Communication Research By National Open University of Nigeria


Communication Research By National Open University of Nigeria in pdf format Module 1 Introduction Unit 1 The Meaning of Research and the Scientific Method Unit 2 Application of the Scientific Principles to Social Research Unit 3 Characteristics of and the Development of Mass Media Research Unit 4 Classification of Research Module 2 The Elements of Research Unit 1 Concepts, Constructs, Hypotheses/Research Questions and Instrumentation. Unit 2 Variables Unit 3 Measurement, Scales and Indexes Module 3 Major Communication Research Methods Unit 1 Experimental Research Unit 2 Survey Research Unit 3 Content Analysis Unit 4 Case study Unit 5 Observational Research Module 4 Sampling Unit 1 Meaning and Types of Sampling Unit 2 Population and Sample Unit 3 Sample Size and Sampling Error Module 5 The Research Procedure Unit 1 The Research Proposal Unit 2 Data Analysis in Communication Research Unit 3 Documentation in Communication Research Module 6 Areas of Mass […]

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Ethics in Advertising Media & Self, Government and Media Regulations

Ethics in Advertising

Ethics in Advertising Lack of acceptable code of ethics in advertising is a worldwide phenomenon. Morality in advertising varies from country to country. An advertisement may be morally acceptable in one part of the world, whereas, it may be against the code of morality in another part of the world. Ethics in advertising is a complex issue to define. Nothing is good or bad but thinking makes it so. For example, sex before marriage in Pakistan is largely considered as immoral, while it is conceded as desirable in the west. Demonstration of birth control method in advertising is undesirable for the religious society in Pakistan whereas the same is mandatory in China. Thus morality in advertising is a complex phenomena. Determination of ethical conduct is subjective and vague and is varying among different cultures and different environmental conditions. The primary objective of advertising in any society is to influence the […]

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Guidelines of precis writing

mass media precis writing

It was not so in Greece, where philosophers professed less, and undertook more. Parmenides pondered nebulously over the mystery of knowledge; but the pre-Socratics kept their eyes with fair consistency upon the firm earth, and sought to ferret out its secrets by observation and experience, rather than to create it by exuding dialectic; there were not many introverts among the Greeks. Picture Democritus, the Laughing Philosopher; would he not be perilous company for the desiccated scholastics who have made the disputes about the reality of the external world take the place of medieval discourses on the number of angles that could sit on the point of a pin? Picture Thales, who met the challenge that philosophers were numskulls by “cornering the market” and making a fortune in a year. Picture Anaxagoras, who did the work of Darwin for the Greeks and turned Pericles form a wire-pulling politician into a thinker […]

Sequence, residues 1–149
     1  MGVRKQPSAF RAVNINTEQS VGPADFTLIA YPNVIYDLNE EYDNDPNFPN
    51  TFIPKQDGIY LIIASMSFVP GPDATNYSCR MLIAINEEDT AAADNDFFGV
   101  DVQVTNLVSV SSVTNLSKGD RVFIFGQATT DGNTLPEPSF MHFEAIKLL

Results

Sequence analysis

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Differences between journalistic and literary writing

journalistic and literary writing

Journalistic writing Joseph Pulitzer, a famous publisher in the 1800s, stressed one of the most important qualities of journalistic writing in his memorable command: “ Accuracy! Accuracy! Accuracy!” Roger Mudd’s quote on the first slide refers to another important quality of journalistic writing: objectivity. In addition, all journalistic writing should be clear, concise and colorful. Nothing is more embarrassing or unprofessional than writing and publishing a story that has factual inaccuracies. As a reporter, we were responsible for the information printed in your story. Review everything carefully. Our reputation, and that of your publication, is at stake. Double-check the spellings of student, faculty, and staff names, as well as grade levels and titles. Refer to official documents listing this information, such as homeroom lists or a school directory. Keep a current phone book and an atlas handy to double-check the names of organizations and places. Double-check dates, using a calendar […]

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Uses and Gratifications Approach

Uses and Gratifications One influential tradition in media research is referred to as ‘uses and gratifications’ (occasionally ‘needs and gratifications’). This approach focuses on why people use particular media rather than on content. In contrast to the concern of the ‘media effects’ tradition with ‘what media do to people’ (which assumes a homogeneous mass audience and a ‘hypodermic’ view of media), U & G can be seen as part of a broader trend amongst media researchers which is more concerned with ‘what people do with media’, allowing for a variety of responses and interpretations. However, some commentators have argued that gratifications could also be seen as effects: e.g. thrillers are likely to generate very similar responses amongst most viewers. And who could say that they never watch more TV than they had intended to? Watching TV helps to shape audience needs and expectations. U & G arose originally in the 1940s and underwent a revival […]

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